South Coast Botanic Garden

Jocelyn Murray October 3, 2017 No Comments

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On a beclouded winter day, when the sun cast a soft glow through the subdued haze and a mild gust stirred the air, I had the pleasure of visiting the South Coast Botanic Garden with my family. We picked a day that happened to be perfect: not too cold or too hot, and uncrowded, this urban oasis made for an easy escape from the harried city of Los Angeles.

Who would have thought that this special place is one of the world’s first botanical gardens to be developed over a sanitary landfill? I did not know this until quite some time after I had visited. It was only when I came to write about this enchanted venue that I learned this. In fact, while doing a bit of background research, I found myself drawn off topic altogether onto a tangent which led me to learning more about landfills! Tangents can be fascinating, although this one took the better part of an hour so that the gardens had to wait while I was drawn into the intriguing world of waste management and landfill sites. It may sound unsavory, but it’s a very important part of life. It’s almost like sewer treatment, which is interesting also, and another tangent I will refrain from taking now. While it’s not something one would talk about at a social function, I immediately shared what I learned with my family because the whole landfill process is actually very interesting. But then again, I tend to find almost any topic interesting… almost.

Now that the South Coast Botanic Garden’s humble beginnings have been revealed, I will return to the garden itself, a much more lovely and palatable topic.

The Garden covers 87 acres with a wide diversity of shrubs, trees, and colorful flowers blooming throughout the year. There are plants native to California, attracting lots of birds, bees and butterflies. There are also numerous flowers among lush greenery including roses, carnations, poppies, dahlias, sage, sunflowers, daisies, lilies and many more blooms. One almost does not know where to look first. Every corner, every spot—sunny or shady—has its treasures waiting to be discovered. It’s beautiful.

Imagine strolling along the open paths or the narrower windy trails and pausing to see dew drops collect on silken webs like delicate strands of tiny pearls. They reflect the dappled light with a soft luster which only nature can bestow.

There are the popular Children’s Garden and Discovery Garden incorporating nursery rhymes with plants to match the stories. Things like a dollhouse and bridge, a secret tunnel, worm bin, alphabet garden, butterfly garden, and whimsical characters delight children’s imaginations.

Other highlights include the Desert Garden, Display Greenhouse, Japanese Garden and Koi Pond, Mediterranean Garden, Rose Garden, a tranquil lake with turtles and dragonflies, a Palm Collection, Redwood Grove, Vegetable Garden, Ficus Collection, Rare Fruit Orchard, Gift Shop, Picnic Area and Amphitheatre.

But my personal favorite is the Banyan Grove. I’ve always loved Banyan trees because they just appear so massive and dominating and powerful. One cannot help feeling small next to them, though that’s not an unpleasant thing at all. Banyans are the world’s biggest trees in terms of the area they cover. These strangler fig trees overpower and smother their hosts, sending down roots which grow into stout pillars appearing like new tree trunks. It is said that Alexander the Great was so fascinated by them, he had notes and illustrations taken back to Greece to share with Theophrastus, the founder of modern botany. Their prehistoric allure is utterly romantic. They tug at the imagination with their imposing strength—-mine at least.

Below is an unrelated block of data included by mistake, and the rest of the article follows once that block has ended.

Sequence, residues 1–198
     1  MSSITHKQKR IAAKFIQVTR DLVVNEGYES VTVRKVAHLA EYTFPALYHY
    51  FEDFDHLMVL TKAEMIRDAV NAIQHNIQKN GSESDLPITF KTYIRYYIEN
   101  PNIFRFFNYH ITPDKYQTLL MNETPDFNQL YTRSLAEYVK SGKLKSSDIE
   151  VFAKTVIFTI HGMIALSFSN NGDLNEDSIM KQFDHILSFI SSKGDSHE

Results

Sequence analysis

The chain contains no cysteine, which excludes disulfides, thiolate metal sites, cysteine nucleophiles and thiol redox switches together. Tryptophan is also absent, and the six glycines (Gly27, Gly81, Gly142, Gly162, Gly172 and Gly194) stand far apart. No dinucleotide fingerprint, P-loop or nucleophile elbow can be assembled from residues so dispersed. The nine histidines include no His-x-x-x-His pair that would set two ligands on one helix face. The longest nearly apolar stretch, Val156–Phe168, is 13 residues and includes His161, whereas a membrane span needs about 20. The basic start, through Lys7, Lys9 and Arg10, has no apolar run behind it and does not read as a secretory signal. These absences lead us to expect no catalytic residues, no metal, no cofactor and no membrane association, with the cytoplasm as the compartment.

Their massive tangle of roots and cool understory are almost like something out of a fairy tale. I feel as though I have stepped into an enchanted forest far away from civilization: a place where nature rules, mighty, indomitable and uncompromising, but benevolent enough if you approach with a humble sense of awe. I enjoy meandering through the grove in a kind of enraptured trance, half-expecting a horse and its fearless rider to appear suddenly through the trees. Who goes there? I ask in a shaky whisper, turning suddenly to glance around. But it is only a fallen leaf, or so I tell myself while exhaling the breath I was not even aware I held.

Yes, places like this do strange and wondrous things to the imagination. They breathe a vivid and fanciful dimension into life, sprinkling it with a liberal dose of mystery and romance as nature often does.

Come see the Banyan Grove and numerous other splendid things at the South Coast Botanic Gardens. Whether you spend half an hour, or half a day, it will be time well-spent. The Garden is open from 9:00-5:00 daily year-round except for Christmas Day, with a variety of programs and events for families and kids. There are docent-led tours, tram tours, or simply self-guided walking tours if you so desire, and which I personally find to be the most intimate and enjoyable. I have not seen my imaginary horse and fearless rider in the Banyan Grove yet, but perhaps you will. Please send him my regards if you do…

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Jocelyn Murray is a travel writer and historical fiction novelist. She holds two university master's degrees in both English and Education, along with a bachelor's degree in Economics and European Studies. She also has a teaching credential and taught at the elementary school level.

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